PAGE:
The latest advancements to hit solid-state drives are earning raves as a potential slayer of transaction latency, but the innovation also comes with a green thumb.
"A solid state drive has no moving parts. So it's using less power than a hard drive," says Joseph Unsworth, a research director for Gartner, who says hard drives spin hot - often at 15,000 RPMs. "Hard drives need to be cooled."
Firms such as Pliant - which is rolling out what it calls enterprise flash drives; and STEC - which has OEM agreements with EMC, HP, Sun Microsystems, Fujistu, Hitachi and IBM; Intel and other storage vendors are developing solutions to tap an early-stage market for advanced solid state drives designed to work across the enterprise. Prices for these vendors' solutions are generally set by resellers, and range between $15 to $30/gigabyte for a single drive.
"It's a very new market," says Gene Ruth, a senior storage analyst for the Burton Group. "But I consider solid state disks to be 'disruptive' in a good way. These disks perform up to 100 times faster and they can replace lots of hard disk drives."
For example, STEC is producing a multi level cell (MLC)-based drive called ZuesIOPS Solid State Drives, which are optimized to meet the demands of enterprise storage and server applications by using widely available MLC NAND flash components. STEC says it has designed and implemented flash controller technology and Flash management algorithms to achieve enterprise-grade performance and endurance that's superior to hard drives and consumer grade MLC solid state drives.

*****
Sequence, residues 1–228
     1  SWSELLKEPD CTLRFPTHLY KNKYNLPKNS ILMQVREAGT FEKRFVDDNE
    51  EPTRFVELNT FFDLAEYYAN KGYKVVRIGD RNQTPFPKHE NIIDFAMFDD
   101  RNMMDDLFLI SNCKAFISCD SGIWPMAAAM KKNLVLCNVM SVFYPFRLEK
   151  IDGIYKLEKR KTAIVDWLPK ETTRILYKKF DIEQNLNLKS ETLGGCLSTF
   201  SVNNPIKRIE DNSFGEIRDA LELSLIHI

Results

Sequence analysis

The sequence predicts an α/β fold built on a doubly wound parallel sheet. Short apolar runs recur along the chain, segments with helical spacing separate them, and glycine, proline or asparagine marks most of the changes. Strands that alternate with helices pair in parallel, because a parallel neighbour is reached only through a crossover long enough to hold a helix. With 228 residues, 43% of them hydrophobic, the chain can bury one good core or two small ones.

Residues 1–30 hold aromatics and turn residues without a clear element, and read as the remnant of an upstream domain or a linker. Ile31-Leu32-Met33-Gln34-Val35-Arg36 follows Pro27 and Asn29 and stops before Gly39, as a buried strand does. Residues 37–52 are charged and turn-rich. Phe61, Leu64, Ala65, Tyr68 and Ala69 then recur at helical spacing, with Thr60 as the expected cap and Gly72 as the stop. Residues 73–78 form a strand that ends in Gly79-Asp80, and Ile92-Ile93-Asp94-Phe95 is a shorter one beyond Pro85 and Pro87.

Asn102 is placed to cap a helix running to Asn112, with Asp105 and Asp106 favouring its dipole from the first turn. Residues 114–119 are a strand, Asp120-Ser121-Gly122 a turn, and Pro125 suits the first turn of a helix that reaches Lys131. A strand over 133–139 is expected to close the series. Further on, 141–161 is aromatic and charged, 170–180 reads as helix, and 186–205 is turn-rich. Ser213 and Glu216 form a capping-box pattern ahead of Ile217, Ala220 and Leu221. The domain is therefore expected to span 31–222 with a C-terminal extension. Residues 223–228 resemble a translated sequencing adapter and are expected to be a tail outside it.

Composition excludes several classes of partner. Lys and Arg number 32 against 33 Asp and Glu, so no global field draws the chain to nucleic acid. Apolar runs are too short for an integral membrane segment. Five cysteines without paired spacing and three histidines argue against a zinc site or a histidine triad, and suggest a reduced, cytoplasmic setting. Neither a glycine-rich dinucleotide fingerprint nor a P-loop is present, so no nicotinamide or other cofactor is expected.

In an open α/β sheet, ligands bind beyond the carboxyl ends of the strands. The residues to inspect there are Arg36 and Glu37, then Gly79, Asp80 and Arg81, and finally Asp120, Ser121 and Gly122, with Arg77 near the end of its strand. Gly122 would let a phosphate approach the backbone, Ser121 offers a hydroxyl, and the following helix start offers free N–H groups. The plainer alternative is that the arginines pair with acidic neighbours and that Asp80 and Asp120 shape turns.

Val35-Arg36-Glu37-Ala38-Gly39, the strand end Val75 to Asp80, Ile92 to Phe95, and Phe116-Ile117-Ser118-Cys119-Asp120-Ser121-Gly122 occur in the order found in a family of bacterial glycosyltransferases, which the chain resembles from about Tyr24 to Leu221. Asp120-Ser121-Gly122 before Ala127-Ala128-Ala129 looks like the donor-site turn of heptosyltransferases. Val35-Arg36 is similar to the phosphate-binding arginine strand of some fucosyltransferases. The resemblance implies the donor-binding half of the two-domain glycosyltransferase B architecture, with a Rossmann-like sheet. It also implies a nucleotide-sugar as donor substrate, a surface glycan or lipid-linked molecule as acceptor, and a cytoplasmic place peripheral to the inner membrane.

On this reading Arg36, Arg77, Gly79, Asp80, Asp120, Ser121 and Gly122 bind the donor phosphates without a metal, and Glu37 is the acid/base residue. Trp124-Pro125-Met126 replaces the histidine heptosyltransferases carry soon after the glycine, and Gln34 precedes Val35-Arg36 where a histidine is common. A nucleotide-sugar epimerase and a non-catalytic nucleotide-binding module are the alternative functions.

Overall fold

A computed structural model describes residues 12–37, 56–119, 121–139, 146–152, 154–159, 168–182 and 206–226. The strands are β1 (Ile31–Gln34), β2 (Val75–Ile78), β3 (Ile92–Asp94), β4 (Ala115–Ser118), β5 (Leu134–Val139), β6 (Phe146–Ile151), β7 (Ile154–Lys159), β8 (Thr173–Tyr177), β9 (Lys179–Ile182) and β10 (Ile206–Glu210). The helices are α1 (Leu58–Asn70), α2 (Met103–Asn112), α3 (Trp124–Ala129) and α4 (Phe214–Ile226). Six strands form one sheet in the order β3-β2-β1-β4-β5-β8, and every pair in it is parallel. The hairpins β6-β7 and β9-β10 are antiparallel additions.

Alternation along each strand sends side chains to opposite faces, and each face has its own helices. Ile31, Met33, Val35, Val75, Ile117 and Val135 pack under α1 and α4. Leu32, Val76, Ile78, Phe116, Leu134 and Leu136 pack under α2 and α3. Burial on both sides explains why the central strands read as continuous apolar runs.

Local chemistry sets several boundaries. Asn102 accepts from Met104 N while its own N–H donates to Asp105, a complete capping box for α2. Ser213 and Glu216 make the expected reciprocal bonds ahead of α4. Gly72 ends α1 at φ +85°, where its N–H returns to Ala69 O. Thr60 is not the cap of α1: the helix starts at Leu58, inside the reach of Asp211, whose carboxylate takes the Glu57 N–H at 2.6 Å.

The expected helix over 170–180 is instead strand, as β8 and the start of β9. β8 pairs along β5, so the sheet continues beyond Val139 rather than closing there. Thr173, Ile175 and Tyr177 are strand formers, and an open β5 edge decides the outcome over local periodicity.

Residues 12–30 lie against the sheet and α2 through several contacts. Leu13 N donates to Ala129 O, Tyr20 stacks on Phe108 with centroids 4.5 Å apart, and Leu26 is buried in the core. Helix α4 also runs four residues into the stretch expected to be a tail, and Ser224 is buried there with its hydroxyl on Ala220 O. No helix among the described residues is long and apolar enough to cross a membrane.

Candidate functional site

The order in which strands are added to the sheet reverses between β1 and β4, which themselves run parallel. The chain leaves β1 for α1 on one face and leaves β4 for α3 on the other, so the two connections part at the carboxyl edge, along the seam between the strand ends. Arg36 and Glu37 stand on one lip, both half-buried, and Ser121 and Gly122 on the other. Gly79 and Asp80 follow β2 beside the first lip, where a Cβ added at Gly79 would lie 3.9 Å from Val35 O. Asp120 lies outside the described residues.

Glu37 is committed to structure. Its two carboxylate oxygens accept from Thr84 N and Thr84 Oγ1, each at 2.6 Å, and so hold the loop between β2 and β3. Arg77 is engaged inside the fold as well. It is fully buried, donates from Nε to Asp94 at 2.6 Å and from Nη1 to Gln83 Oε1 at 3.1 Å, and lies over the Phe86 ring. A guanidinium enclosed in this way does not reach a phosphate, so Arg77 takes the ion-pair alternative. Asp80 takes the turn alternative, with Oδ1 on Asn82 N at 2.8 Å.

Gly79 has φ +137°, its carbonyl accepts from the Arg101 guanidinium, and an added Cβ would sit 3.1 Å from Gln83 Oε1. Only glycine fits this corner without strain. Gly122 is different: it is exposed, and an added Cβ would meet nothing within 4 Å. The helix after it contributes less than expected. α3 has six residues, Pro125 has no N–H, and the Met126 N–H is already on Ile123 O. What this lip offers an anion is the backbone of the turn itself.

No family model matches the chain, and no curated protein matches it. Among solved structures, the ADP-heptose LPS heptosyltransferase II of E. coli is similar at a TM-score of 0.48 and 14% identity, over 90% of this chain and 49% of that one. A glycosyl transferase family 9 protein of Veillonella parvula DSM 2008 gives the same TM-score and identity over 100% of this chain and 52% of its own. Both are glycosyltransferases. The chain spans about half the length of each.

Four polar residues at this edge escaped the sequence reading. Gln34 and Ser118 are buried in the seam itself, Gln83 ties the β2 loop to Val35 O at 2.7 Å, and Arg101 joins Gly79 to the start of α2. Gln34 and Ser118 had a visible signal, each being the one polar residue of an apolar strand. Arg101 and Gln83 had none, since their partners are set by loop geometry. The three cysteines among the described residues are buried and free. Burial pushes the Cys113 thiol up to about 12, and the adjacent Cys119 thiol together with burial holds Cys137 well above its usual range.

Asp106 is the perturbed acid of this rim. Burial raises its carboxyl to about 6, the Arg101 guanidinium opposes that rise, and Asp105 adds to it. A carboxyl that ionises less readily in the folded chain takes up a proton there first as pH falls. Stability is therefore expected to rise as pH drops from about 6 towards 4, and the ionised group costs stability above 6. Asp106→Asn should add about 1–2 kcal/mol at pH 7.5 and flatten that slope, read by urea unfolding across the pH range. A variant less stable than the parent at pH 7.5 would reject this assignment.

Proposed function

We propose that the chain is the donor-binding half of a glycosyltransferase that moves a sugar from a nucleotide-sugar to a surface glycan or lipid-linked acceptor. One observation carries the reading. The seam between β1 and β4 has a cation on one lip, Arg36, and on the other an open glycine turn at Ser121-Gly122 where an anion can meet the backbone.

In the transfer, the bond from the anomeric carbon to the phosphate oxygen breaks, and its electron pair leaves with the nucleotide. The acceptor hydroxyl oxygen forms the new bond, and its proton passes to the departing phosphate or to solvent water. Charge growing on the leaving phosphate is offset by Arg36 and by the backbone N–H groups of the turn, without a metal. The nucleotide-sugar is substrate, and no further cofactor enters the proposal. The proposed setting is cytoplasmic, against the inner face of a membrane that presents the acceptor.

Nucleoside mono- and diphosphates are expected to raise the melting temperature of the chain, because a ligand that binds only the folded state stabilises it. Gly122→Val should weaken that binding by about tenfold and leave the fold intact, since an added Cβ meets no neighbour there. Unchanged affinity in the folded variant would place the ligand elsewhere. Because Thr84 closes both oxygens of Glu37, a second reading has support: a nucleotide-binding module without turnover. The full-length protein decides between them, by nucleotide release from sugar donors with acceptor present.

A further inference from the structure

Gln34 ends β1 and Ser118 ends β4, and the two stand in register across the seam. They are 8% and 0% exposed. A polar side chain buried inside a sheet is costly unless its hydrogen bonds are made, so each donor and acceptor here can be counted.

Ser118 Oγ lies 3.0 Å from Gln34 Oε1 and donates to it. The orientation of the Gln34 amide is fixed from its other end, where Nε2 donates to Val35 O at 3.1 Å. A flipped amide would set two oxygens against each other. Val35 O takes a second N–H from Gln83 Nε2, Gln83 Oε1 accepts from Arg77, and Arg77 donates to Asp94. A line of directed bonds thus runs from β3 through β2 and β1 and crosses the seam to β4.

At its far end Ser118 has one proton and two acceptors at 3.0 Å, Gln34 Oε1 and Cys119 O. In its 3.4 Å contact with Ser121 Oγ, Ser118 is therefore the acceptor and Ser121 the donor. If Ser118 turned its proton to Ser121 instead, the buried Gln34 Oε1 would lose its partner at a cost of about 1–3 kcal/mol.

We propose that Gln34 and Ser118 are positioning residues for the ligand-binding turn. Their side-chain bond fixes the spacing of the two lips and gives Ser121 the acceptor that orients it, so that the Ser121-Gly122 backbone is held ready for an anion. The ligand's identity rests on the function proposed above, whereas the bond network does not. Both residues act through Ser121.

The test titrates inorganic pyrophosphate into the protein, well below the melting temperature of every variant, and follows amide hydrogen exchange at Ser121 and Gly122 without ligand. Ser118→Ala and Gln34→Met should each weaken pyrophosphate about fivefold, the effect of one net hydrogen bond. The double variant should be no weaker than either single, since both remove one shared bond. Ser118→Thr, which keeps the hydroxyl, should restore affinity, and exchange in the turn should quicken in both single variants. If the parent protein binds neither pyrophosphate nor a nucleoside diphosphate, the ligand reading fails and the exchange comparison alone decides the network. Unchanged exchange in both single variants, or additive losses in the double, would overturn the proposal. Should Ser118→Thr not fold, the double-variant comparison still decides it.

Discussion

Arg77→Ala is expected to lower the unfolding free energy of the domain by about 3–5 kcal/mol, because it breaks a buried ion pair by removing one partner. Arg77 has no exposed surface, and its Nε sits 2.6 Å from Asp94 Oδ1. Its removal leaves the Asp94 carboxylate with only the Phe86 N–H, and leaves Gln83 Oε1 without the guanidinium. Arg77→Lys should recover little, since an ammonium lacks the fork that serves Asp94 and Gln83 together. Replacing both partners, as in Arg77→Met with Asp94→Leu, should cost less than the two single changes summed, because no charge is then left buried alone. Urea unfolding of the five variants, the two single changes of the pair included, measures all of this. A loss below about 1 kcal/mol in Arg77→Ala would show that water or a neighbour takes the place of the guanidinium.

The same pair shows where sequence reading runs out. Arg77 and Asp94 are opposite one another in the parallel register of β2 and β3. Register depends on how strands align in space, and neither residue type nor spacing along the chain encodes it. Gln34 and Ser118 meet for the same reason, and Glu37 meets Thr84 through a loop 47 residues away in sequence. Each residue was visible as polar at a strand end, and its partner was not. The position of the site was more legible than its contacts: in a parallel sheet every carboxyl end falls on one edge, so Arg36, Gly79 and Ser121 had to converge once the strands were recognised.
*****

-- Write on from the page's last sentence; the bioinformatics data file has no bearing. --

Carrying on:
So far, there's been light but fast-growing bank deployments of these advanced drives. Unsworth says there's been some early activity in the U.S. and Europe, with about 59,000 units shipped in 2008 and about 281,000 units so far this year.
The sales pitch from suppliers usually starts with providing unfettered fast access to enterprise data to ensure transaction execution, but the discussion also quickly turns to energy savings. "With hard drives, you have to wait for the disk to spin around and move to find data," says Jeff Janukowicz, research manager at IDC. "Solid state drives allow you to find data faster, so latency is reduced and you get better performance. And solid state drives inherently consume less power."
Burton's Ruth says each solid state disk drive can replace as many as eight hard disk drives, which can save physical space and electricity use.
Greg Goelz, a vp at Pliant Technology, says the speed of an average hard drive is about 300 IOs per second, while the speed of his firm's enterprise flash drives - which are based on controller and design architecture that's designed to allow much higher performance than hard disk drives - is about 180,000 IOs per second.
Goelz says that for a bank system that executes about 640,000 transactions per minute, the hard drive rate requires about 1,000 drives using 8,000 watts to power and another 8,000 watts to cool. A hybrid drive approach would reduce the server count about 100, or 2,000 total watts. "One single solid state drive will do less than half of the power consumption of a rotating (hard drive)," he says, adding the firm is targeting banks that are using a high number of 15,000 RPM drives, or near the top speed for hard drives.
This article can also be found at AmericanBanker.com.

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